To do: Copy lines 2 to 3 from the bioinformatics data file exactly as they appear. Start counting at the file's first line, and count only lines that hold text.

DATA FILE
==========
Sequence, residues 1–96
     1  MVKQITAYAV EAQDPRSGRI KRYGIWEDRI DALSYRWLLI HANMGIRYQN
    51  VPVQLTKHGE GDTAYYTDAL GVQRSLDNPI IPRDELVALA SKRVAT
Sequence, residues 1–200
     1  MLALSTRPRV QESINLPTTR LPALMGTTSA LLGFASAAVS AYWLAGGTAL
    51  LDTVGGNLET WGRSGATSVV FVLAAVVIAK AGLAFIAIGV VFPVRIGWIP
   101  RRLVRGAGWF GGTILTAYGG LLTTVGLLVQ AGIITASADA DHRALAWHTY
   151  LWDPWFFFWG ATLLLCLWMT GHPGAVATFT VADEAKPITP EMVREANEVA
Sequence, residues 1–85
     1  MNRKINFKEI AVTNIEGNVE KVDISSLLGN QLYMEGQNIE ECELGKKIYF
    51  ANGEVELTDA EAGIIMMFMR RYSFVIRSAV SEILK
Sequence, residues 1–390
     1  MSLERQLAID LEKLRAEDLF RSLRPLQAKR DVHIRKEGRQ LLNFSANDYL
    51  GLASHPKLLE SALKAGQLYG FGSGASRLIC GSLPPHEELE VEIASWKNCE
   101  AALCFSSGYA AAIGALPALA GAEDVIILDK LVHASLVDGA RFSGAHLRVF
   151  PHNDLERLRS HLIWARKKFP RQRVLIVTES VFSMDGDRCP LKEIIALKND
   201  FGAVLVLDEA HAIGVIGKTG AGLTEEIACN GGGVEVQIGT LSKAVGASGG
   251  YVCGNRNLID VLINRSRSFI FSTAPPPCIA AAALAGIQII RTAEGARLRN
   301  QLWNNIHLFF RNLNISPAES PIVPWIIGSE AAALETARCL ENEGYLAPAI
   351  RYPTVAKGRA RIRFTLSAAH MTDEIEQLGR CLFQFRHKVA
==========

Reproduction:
     1  MVKQITAYAV EAQDPRSGRI KRYGIWEDRI DALSYRWLLI HANMGIRYQN
    51  VPVQLTKHGE GDTAYYTDAL GVQRSLDNPI IPRDELVALA SKRVAT